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Stock Picks to Survive the Market’s Next Slaughter - CPL, TU, CMCSA, STZ, SYY, CCU

With each passing day, it seems like the market continues to stumble towards the double-dip recession (and accompanying double-dip bear market) that was merely an academic talking point a few weeks ago. While the nastiest and most severe wave of the recession phase is - we believe - behind us, another round of weakness is nothing you’ll want to just wait out.

So what’s a ‘long-only’ investor to do, if he/she doesn’t want to tiptoe into the dangerous world of inverse ETFs or the tricky world of options and futures? There is some good news now that we couldn’t have talked about in 2008…. pockets of strength, where stocks seem poised to not only resist a bearish tide, but ready to keep climbing that wall of adversity.

While it will still take laser-precise navigation to work around the market’s land mines, here are few defensive picks that may just save your portfolio in the event of a double-dip…. or even just tepidness.

Drink Up

It probably should be cyclical, but beer and spirits have proven to be pretty darn recession-resistant…. if not from a bar & restaurant perspective, at least from the brewers’ and distillers’ perspective.

Take Molson Coors (NYSE:TAP) for instance - it barely flinched when the economy was at its worst in 2008, only seeing it annual earnings (per share) dip from $2.79 in 2007, to $2.77 in 2008. And, it caught up real quick with 2009’s earnings of $3.80 per share.  The same ‘barely down/easily up’ action applies to Boston Beer Company (NYSE:SAM). In good or bad times, the companies did ok.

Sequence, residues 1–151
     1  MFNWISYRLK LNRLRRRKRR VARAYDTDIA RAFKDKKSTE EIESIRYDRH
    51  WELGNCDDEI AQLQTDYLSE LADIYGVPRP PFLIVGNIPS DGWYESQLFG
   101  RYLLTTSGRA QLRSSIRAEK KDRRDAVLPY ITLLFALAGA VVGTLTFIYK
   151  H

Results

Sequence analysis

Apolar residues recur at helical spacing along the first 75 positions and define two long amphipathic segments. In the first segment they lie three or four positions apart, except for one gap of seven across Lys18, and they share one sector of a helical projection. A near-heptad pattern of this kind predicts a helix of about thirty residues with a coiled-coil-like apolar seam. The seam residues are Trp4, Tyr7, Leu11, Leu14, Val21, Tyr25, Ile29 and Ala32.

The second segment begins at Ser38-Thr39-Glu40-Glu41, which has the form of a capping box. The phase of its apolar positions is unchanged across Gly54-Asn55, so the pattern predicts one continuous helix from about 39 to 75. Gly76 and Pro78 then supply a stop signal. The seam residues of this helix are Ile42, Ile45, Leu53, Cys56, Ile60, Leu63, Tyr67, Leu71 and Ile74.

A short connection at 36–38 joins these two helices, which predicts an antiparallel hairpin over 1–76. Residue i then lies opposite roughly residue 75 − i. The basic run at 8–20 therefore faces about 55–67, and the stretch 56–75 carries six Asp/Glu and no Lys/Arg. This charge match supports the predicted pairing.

The ‘best of breed’ from the group, however, isn’t a brewer at all though… it’s a distiller - Constellation Brands (NYSE:STZ). It also survived the recession with flying colors, watching its operating earnings fall from $1.67 in 2007 to $1.45 in 2008. In 2009, the company was back in full swing with an operating EPS of $1.60. 2010 is promising to be even better.

Bottom line? Consumers drink to celebrate when times are good, and apparently drink to ease the pain when times are tough.

Ya’ Gotta’ Eat

The average stock in the food distributor group is up 36.3% for the last 12 months, and as part of the consumer staples business, the demand for its products remains pretty consistent in any economic environment.

The ideal food play is probably Sysco Corp. (NYSE: SYY). It’s got P/E ratios consistently in the mid-teens, which isn’t stellar, but what it lacks in value it more than makes up for with reliable performance from its stock, managing to shrug off any of the market’s curve balls that cause other stocks to whiff.

Broadcasting

There’s just something about a recurring revenue model.

The easy play here is Comcast Corp. (Nasdaq: CMCSA), with a beta of 0.91 (the lack of volatility mostly stems from the lack of nasty pullbacks), four straight quarters of topped estimates (in fact, we’ve seen three straight years of top and bottom line increases), and a stock that’s still trucking. This year’s strong interest in World Cup Soccer - thank you France and inconsistent reffing - can only help.

The Other Way to Avoid the U.S. Market’s Problems

While all markets have been volatile, the developed markets of the U.S. and its economic peers/partners have been far more volatile than emerging markets. Go there (proverbially), and you may find less-stressful equities.